We’re not going to cover how to resize and optimize images for GIMP. We may update this guide later with that information. But for the most part, GIMP operates similarly to Photoshop, so with a little Googling, you should be able to figure it out.
What Memory Size Should I Aim For?
The optimal memory size depends on the application, but the general rule of thumb is this:
Try to make your images as small in memory size as possible, while maintaining good image quality.
If your images start getting grainy, fuzzy, or pixelated after optimizing them, then you need to iterate your process so that the image quality improves.
If you’re using Photoshop and saving images as .JPG, try sliding the quality slider up to a higher value (say 80 or more). If you’re saving as .PNG, try saving as .PNG-24 instead of .PNG-8.
Let’s get into the ideal memory sizes to shoot for – for various applications.
A typical ecommerce site will have anywhere from hundreds to thousands of product images. So image optimization is crucial to the success of the site.
A good rule of thumb is to keep product images 75KB or less. If your site uses an image zoom feature, you may need your images to be bigger dimensionally, and therefore larger in terms of memory size. In that case, aim for 150KB or less.
Generally, blog images should be 100KB or less. But aim for as small as possible if you can keep the quality up. Don’t use an animated .GIF unless it completely makes the article.
SaaS websites have three main types of images: homepage hero shot, icons, and screenshots. Generally, the most important page on a SaaS website is the home page, so that’s where you start your focus.
- Hero Shots – They tend to be fairly large, sometimes full screen. Aim for 250 KB or lower. It may be difficult. However, it’s common for hero shot memory size to be completely overlooked. Optimizing this one image could make a noticeable improvement in the home page conversion rate.
- Icons – Many SaaS sites will use simple icons in features and benefits areas lower on the page. It’s quite easy to keep the memory size down (usually make them .PNG). Try to shoot for 15KB or less.
- Screenshots – If the screenshots need to be wide to show what’s going on, then you’ll again, like a hero shot, aim for 250KB. Otherwise, aim for 100KB or less. .JPG is probably the best file format for screenshots.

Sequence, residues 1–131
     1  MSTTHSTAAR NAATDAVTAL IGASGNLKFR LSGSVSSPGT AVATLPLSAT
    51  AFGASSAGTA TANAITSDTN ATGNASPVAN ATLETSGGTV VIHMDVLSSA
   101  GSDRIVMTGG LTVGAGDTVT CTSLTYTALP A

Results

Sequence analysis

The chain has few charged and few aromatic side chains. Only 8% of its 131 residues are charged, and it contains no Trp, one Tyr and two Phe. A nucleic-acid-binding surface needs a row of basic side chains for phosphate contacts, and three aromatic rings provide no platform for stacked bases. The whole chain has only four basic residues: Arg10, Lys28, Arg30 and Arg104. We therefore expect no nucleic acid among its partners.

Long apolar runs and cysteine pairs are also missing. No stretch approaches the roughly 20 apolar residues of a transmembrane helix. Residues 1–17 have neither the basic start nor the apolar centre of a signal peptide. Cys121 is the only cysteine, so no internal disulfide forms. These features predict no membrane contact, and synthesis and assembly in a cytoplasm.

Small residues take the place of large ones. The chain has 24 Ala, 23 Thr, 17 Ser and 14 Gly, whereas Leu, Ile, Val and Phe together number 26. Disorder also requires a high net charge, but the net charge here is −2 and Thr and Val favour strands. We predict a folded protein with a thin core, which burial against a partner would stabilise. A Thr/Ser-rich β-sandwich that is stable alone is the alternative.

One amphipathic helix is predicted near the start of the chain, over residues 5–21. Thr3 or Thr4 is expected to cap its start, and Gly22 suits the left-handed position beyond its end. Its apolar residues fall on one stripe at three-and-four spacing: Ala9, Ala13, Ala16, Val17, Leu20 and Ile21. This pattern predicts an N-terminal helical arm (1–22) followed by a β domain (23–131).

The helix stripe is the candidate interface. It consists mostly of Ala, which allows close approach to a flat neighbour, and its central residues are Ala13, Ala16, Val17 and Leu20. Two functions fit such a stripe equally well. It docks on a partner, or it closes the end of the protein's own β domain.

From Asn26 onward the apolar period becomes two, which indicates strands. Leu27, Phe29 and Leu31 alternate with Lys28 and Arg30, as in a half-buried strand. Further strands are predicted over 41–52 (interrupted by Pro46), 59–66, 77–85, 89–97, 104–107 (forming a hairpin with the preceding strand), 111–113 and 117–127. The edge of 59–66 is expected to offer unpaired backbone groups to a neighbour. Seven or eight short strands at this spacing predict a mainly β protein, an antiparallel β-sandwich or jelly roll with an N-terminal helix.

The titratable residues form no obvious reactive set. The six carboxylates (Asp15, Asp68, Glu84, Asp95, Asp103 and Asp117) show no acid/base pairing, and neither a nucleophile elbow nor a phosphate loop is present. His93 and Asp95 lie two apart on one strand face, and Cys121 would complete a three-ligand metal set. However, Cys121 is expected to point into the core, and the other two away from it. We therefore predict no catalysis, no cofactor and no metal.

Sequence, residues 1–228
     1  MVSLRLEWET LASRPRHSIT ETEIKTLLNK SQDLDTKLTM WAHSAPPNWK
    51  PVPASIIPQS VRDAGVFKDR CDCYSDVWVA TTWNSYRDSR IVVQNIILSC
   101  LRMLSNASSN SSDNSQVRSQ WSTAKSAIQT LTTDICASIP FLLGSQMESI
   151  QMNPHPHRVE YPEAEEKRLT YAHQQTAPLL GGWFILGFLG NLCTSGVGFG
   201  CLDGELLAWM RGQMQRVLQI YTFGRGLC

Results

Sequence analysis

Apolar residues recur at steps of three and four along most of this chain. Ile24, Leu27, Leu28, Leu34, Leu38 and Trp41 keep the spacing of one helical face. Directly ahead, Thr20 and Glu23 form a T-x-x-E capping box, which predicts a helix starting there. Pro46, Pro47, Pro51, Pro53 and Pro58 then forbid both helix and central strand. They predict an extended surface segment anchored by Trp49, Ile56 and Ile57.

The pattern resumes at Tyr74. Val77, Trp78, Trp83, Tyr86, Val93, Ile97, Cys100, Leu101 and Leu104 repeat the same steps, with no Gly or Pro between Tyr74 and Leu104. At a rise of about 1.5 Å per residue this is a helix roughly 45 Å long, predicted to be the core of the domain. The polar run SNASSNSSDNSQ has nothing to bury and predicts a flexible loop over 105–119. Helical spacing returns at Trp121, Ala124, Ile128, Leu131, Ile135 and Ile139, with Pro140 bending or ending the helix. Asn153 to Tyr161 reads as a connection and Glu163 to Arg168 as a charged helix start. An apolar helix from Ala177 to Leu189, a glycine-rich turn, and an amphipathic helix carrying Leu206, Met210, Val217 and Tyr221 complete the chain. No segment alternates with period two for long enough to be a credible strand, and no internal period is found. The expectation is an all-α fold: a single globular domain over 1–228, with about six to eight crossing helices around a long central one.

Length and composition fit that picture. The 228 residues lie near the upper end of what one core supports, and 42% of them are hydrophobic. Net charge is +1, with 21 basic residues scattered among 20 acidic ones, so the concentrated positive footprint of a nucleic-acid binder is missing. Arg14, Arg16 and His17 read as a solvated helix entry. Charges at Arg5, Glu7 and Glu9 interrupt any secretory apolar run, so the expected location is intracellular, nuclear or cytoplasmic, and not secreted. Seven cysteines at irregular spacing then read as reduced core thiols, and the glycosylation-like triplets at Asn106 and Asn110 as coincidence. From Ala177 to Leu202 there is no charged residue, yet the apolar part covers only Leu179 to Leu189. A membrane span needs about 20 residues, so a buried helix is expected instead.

Free Image Editing Tools
Free Online Tools
- TinyPNG – The brilliance of this site is its ease of use. Just drag and drop images onto the homepage and watch the compression magic.
- Pixlr – Very similar to Photoshop (the interface is nearly identical). You can adjust a quality slider while viewing memory size.
- Picmonkey – All the functionality you need and fairly intuitive.
Free Desktop Tools
- GIMP – As discussed above.
- Paint.net – A better version of Microsoft Paint. One cool feature is unlimited history. You can undo as much as you need to!
- Seashore – An open-source Mac photo editing application. It’s known to have bugs, but still usable. However, being a part of an open-source community is always a good thing :).
How to Optimize Your Images for SEO
Here are a few final tips to help optimize your images for SEO:
Be sure to name your image descriptively. For example, if you run an ecommerce site, don’t name your image 324q345q345.png – which is basically a bunch of numerical gibberish. Instead, name your image something like this: nike-air-max-teal-gold.jpg.
Also, make sure each image has a corresponding alt tag inside the image tag:
Adding alt tag information will help your images get found in Google Image Search (and other image search engines).
Images are an often overlooked part of conversion optimization, SEO, and online business costs. Taking a good look at your image inventory can be an easy way to make some quick performance gains for your business. Hopefully, this guide will help you chip away at your lost potential business and online costs.
If you have any questions, don’t hesitate to ask in the comments below or reach out to any of the authors on Twitter.